OH, IT IS JUST SO easy to make fun of hillbillies, isn't it? Put a bunch of developmentally disabled, socially disenfranchised, and financially challenged hillbillies (or "Sons of the Soil" as they prefer to be called) on stage and expect the jaded jerks of Seattle to laugh, right? Has Red Card Productions no shame? No conscience? I have a feeling that Robert Gifford, author of Eddie Paul Rex -- a "hillbilly adaptation" of Sophocles' master tragedy Oedipus Rex -- is the type of guy who laughs at retarded kids, car accidents, and fat chick jokes. Shame on you, Mr. Gifford! Hillbillies have souls too!

And just what is it about buck-toothed, inbred, toe-pickin' yokels that spoiled urbanite yuppsters find so darn hi-larious? It was just plain cruel the way the audience carried on. I personally cried at every Dolly Parton Christmas special ever made -- especially the ones where she sings that song about her "Coat of Many Colors" that her grandma made out of filthy, stinky old rags because there were like 14 of her family living in a tool shed. Why, Dolly grew up without a pot to piss in or a window to throw it out of, but she had something you don't understand, Mr. Gifford -- and that's LOVE. That's right, a proud family heritage of L.O.V.E. and that's why she, and not you Mr. Gifford, is the international legend she is today!

And Red Card had the audacity to mock this heritage by singing songs like "Birthin' a Youngun'," describing the characters as "Jesus fearin'" and "cotton pickin'" ignoramuses. Apparently Sons of the Soil are an acceptable prejudice for you latte-sipping, Gap-wearing ingrates. If it had been a Hebrew adaptation of Oedipus and contained lyrics like "dreidel-spinning, money-grubbing," or an African American one with "crack pipe- smokin', gangsta'-rappin'," you would all have the ADL and NAACP breathing down your scrawny necks faster than you could stick a pair of size six pumps into your eyes! You better believe it!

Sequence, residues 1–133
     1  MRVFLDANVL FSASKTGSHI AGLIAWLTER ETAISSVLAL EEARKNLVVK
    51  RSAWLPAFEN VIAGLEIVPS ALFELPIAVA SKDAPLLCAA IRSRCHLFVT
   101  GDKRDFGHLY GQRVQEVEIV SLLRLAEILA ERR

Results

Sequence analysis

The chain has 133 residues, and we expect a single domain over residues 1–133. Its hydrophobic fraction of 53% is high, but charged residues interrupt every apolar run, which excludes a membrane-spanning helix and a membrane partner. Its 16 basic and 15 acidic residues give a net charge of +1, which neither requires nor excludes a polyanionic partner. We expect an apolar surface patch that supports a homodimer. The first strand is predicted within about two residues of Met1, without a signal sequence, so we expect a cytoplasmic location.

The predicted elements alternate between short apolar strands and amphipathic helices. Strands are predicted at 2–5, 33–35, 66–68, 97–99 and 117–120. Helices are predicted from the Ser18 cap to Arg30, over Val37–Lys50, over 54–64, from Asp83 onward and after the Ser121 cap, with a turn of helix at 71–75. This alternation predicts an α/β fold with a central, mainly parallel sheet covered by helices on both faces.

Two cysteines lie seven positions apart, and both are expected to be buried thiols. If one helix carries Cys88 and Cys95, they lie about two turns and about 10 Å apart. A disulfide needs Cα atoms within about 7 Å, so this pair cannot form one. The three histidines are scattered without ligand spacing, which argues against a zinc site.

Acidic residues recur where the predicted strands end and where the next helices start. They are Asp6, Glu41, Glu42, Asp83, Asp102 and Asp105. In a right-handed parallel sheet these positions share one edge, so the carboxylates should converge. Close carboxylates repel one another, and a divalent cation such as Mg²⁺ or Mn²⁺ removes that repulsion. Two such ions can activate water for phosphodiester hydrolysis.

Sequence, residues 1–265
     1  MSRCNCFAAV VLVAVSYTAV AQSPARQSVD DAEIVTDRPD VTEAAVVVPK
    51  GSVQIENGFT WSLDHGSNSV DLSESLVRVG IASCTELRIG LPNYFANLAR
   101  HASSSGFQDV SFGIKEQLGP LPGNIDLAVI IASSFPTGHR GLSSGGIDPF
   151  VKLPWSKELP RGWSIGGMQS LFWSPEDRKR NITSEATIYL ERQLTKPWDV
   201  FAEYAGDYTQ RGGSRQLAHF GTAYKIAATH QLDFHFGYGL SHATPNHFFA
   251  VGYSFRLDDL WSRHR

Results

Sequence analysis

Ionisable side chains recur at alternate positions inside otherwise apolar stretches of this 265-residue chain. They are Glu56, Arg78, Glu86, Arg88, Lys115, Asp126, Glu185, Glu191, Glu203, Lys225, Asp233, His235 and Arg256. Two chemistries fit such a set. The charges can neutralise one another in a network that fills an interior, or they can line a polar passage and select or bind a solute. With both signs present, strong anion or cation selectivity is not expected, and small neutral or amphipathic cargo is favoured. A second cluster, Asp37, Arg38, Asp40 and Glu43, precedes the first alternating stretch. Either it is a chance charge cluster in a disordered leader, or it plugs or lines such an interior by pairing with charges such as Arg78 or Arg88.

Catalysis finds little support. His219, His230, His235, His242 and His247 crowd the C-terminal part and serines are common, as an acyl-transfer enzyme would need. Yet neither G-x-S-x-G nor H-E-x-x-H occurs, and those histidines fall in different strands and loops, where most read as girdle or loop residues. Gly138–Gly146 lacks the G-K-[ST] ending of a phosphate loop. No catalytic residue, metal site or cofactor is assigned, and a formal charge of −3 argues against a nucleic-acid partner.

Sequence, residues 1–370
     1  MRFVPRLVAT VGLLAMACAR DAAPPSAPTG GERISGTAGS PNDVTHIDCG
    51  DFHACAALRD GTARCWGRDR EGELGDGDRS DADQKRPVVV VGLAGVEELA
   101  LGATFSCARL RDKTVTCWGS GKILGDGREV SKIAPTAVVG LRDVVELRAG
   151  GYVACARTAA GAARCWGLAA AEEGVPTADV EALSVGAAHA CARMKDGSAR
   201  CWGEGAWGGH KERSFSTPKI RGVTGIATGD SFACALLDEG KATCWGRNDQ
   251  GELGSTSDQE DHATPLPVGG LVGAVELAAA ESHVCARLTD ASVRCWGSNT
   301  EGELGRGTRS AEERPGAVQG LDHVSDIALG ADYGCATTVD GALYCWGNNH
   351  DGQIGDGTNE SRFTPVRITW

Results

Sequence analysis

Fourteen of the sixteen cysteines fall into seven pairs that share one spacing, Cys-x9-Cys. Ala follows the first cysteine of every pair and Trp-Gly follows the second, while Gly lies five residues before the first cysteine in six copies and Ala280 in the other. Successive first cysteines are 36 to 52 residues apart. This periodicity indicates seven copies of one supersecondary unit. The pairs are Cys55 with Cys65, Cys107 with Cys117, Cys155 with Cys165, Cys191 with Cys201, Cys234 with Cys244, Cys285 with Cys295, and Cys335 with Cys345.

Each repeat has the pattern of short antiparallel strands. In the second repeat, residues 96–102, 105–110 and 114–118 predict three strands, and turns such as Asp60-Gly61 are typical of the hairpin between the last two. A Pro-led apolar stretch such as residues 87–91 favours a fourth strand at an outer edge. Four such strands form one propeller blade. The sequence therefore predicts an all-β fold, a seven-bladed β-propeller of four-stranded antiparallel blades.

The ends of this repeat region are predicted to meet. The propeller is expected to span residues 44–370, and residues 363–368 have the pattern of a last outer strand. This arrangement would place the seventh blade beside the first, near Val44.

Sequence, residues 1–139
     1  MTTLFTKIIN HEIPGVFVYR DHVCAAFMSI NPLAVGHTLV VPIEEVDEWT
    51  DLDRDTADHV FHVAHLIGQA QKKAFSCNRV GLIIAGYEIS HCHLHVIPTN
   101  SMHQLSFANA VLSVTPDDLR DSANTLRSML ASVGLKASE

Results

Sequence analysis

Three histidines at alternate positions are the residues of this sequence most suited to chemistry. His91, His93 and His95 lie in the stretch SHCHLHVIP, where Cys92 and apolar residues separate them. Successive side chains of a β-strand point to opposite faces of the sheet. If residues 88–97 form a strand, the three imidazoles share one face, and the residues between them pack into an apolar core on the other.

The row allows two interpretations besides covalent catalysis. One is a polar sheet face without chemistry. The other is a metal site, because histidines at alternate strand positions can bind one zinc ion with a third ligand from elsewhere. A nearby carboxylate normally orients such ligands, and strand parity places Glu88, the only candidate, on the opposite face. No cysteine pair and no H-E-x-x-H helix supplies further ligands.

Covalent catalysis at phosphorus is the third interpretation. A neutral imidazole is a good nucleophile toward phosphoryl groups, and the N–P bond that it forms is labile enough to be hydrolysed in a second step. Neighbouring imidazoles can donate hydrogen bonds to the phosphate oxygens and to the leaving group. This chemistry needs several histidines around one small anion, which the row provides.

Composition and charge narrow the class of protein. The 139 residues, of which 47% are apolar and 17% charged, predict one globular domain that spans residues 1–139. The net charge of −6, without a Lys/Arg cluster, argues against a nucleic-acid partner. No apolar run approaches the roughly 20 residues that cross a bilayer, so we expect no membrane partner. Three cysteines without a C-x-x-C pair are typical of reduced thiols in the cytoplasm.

What Red Card Productions needs is some diversity training. Gain a little tolerance for other cultures and ways of life. Jed Clampett was the noblest man ever to walk God's green earth and the Country Bear Jamboree is still the best damn attraction Disneyland ever had! We all need to learn to find solidarity in diversity and embrace our hillbill... er, uh, Sons of the Soil brethren and their noble heritage!

I really liked this show. It was funny, tight, original, and clever. Go see it.

* * *

WHY DO I ALWAYS get the gay shows? I may be getting just a teensy bit paranoid, but it seems that every time someone even mentions the word "gay" on a Seattle stage, out trots old Adrian to take a bullet for the team. Doesn't anyone realize that this is ruining my life? I haven't the guile for dishonesty nor the brains to play politics, so if I'm asked to review whatever stinker is currently being staged by some queer outreach program or other and starring half of the populace of Capitol Hill, I end up having to stay home weekends and avoid people on the street. I have gotten more than a few vicious glares from people I later recognized as having starred in said stinkers and am sure that at least one full ensemble cast has taken out a contract on my life. Hell hath no fury like a drag queen scorned.

But I have no intention of trashing Queercore's production of Fruit Cocktale. Not because I have seen the heels on some of director George Weiss' more eccentric footwear and tremble at the damage they could do, but because I actually enjoyed it. This is a fun, well-conceived play about young queer men. It was written by young queer men and is staged specifically for -- you guessed it! -- young queer men. Being a young queer man, I related completely. But if you, unlike me, happen to be anything other than a young queer man -- a fat suburbanite grandma for instance -- you will probably be totally alienated by the explicit situations and dialogue. And the jokes? Whoosh! Right over your head.

While Queercore should be commended for staging this honest glimpse into the complex world and relationships of gay Gen-Xers, as a total theatrical experience... well, it amounts to a bunch of good friends telling inside jokes at a dinner party. If you are a young queer man, I can wholeheartedly recommend this production for an entertaining and thought-provoking night of theater. But your fat suburbanite grandma? Take her to see something she can relate to, something -- well, less gay. Like Fame.

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